This piece is adapted from Steven E. Landsburg's new book, More Sex Is Safer Sex: The Unconventional Wisdom of Economics, which is being published this month.
Feeling guilty about your car's contribution to global warming? The good and bad news is that you and your car have got something far bigger to feel guilty about. My CO2 emissions cause about $50 worth of damage each year. But my parking—on public streets where I take up valuable real estate—imposes far greater costs.
Apparently it took until 2006 for someone to notice that the social cost of mandated free and underpriced parking is nothing short of phenomenal, the implied subsidy being comparable to what we spend on Medicare or national defense. The someone who noticed is professor Donald Shoup of UCLA, who wrote a deeply thoughtful book on the matter called The High Cost of Free Parking.
Urban on-street parking is almost always underpriced, which is why you can almost never find a spot. In many cases, it would be better to have no on-street parking at all, freeing up that real estate for expanded homes, shops and cafes or additional driving lanes. Of course then it would be even harder to find a spot, but a lot of people would switch to public transportation, which would be all to the good.
It's crazy to feel guilty about dirtying the atmosphere without feeling even guiltier about clogging city streets. You might argue that global warming is a bigger problem than urban congestion, and you might be right. But that's not the issue. The issue is your contribution to global warming versus your contribution to urban congestion. And if you're a typical urban driver, the latter probably dwarfs the former.
Even if you never drive into the city, you're (at least indirectly) still part of the problem. Suburban shopping malls almost everywhere are required to have vastly oversized parking lots that are never close to full. You might not realize this because you tend to search for spots in the close-in areas that are full. But the outlying areas sit idle, precluding the use of that land for anything of social value. And for every shopper who arrives by car, the mandated size of those lots gets bigger yet.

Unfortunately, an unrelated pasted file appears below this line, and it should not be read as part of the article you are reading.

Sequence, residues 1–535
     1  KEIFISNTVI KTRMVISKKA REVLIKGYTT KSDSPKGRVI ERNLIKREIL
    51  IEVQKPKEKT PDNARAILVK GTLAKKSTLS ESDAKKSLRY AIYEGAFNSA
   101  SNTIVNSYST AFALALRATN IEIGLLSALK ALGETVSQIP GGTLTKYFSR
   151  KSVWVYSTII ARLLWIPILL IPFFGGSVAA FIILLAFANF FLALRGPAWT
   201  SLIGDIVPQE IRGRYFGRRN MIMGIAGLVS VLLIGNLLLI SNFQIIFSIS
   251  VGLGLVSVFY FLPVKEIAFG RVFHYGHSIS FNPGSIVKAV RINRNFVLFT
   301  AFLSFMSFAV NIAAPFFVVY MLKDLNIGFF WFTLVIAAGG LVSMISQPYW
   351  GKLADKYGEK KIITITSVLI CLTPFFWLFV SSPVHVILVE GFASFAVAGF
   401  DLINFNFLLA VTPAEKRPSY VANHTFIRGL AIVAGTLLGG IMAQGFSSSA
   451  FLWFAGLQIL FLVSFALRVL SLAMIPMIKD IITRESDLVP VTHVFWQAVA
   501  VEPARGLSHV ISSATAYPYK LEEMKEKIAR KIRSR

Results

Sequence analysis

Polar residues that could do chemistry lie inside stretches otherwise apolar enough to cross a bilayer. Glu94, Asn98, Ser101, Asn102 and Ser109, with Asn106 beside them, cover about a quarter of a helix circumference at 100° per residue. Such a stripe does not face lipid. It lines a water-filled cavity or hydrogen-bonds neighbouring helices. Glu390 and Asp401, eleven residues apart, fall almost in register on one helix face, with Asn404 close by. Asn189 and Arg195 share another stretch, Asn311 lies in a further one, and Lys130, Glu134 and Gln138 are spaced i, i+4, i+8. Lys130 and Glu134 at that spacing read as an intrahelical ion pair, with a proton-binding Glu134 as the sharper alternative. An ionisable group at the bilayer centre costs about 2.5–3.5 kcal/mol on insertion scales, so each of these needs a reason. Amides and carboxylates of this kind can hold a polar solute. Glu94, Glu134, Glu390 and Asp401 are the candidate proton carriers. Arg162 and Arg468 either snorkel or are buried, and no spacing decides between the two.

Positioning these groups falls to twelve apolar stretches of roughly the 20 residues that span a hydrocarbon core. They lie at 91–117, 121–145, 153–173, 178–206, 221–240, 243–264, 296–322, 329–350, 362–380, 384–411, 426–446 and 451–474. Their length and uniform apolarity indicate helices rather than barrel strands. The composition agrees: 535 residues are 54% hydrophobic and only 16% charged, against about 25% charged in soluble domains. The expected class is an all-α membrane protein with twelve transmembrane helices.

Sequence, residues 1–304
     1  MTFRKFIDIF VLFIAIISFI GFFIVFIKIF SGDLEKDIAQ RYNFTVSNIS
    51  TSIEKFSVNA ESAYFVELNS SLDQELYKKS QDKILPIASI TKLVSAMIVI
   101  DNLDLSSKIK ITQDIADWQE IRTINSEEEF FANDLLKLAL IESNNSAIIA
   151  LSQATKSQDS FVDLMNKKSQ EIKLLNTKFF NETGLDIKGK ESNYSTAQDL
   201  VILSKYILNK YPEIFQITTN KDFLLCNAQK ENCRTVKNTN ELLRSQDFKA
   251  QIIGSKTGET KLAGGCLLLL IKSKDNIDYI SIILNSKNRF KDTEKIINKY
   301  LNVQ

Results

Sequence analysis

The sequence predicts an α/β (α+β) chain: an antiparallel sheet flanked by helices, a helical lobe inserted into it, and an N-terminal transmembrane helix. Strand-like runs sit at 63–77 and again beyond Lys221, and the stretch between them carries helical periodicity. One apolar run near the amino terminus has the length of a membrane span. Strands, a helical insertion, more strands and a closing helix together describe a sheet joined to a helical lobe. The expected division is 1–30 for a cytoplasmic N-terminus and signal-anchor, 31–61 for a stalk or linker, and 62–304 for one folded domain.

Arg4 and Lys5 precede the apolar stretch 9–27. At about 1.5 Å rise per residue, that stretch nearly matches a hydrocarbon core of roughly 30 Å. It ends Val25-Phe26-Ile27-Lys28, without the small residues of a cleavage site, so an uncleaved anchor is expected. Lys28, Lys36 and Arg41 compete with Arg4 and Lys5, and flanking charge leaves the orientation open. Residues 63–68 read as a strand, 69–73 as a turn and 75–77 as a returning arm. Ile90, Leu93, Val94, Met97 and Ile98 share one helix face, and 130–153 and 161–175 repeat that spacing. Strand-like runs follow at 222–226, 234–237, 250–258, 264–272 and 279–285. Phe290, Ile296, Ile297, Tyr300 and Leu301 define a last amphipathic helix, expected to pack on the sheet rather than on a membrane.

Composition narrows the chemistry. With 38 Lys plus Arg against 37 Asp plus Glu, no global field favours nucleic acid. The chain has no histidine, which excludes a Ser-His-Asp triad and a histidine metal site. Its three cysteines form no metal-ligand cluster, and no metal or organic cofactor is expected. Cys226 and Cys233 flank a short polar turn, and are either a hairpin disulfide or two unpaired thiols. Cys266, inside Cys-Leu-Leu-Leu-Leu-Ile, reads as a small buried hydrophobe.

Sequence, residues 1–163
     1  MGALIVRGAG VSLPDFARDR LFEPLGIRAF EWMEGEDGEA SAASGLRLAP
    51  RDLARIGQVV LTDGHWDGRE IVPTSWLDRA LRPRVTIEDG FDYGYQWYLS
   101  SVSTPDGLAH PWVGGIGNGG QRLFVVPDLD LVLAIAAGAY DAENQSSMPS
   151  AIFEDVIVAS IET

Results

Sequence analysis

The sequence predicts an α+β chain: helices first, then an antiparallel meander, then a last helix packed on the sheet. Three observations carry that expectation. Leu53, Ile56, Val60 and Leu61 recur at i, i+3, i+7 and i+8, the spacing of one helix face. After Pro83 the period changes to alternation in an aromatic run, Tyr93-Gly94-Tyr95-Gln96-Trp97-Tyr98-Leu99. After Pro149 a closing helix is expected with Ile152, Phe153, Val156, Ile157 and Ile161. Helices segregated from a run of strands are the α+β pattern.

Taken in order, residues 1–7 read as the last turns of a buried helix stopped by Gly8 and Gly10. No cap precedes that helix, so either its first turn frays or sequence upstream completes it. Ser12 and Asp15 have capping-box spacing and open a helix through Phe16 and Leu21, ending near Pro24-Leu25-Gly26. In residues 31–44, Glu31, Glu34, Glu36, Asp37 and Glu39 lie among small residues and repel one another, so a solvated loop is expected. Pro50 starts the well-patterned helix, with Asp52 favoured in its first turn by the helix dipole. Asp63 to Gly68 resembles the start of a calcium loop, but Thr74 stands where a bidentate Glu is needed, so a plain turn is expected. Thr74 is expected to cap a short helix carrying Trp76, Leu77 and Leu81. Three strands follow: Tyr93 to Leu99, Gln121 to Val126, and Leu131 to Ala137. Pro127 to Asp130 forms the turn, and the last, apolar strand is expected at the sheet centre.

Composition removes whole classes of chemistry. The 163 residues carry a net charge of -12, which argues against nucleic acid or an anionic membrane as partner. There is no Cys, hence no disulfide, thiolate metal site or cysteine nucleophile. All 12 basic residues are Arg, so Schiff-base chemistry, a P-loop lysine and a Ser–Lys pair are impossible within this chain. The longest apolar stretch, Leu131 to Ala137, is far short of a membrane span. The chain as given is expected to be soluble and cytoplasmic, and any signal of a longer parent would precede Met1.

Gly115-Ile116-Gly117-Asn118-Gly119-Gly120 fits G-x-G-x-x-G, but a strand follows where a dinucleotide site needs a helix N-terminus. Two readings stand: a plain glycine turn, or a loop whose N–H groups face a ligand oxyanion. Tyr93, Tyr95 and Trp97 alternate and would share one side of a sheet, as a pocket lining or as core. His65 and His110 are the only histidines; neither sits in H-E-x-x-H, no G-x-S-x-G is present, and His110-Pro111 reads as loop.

Resources (in this case, parking spots) are overused when they're underpriced, and the solution is to price them appropriately. As professor Shoup points out, we already pay a high price for parking; it's just that we pay it indirectly "in our roles as consumers, investors, workers, residents and taxpayers." If instead we paid directly in our role as motorists, we'd have an incentive to conserve the underlying scarce resource. Surely anybody who's concerned about the environment can see the nobility of that goal.
There's a general principle here: We get bad outcomes when damaging the environment carries no penalty. That's why the world has too much pollution and too many cars on the street. It's also why, whenever something exciting happens at the ballpark, everyone stands up to see better and nobody succeeds. We all jump up out of exquisite concern for our own interests and none at all for the damage we inflict on our neighbors.
The same principle works in reverse: We get bad outcomes when improving the environment carries no reward. Just as there's too much pollution, there are too few volunteers for community cleanups. Just as there are too many cars, there are too few buses. And the principle is ubiquitous: In my very first Slate column, I observed that the pool of casual sex partners is polluted by the recklessly promiscuous and cleansed by the cautiously meticulous. It follows that the pickup bars are haunted by too many of the former and too few of the latter.
It's a fine thing to care whether you're damaging the environment, but it's also a fine thing to remember that our environment consists of more than just the air we breathe. It consists too of crowded sidewalks, vast empty parking lots, and much else that can't be measured in parts per million. Something for the environmentally conscious to consider.
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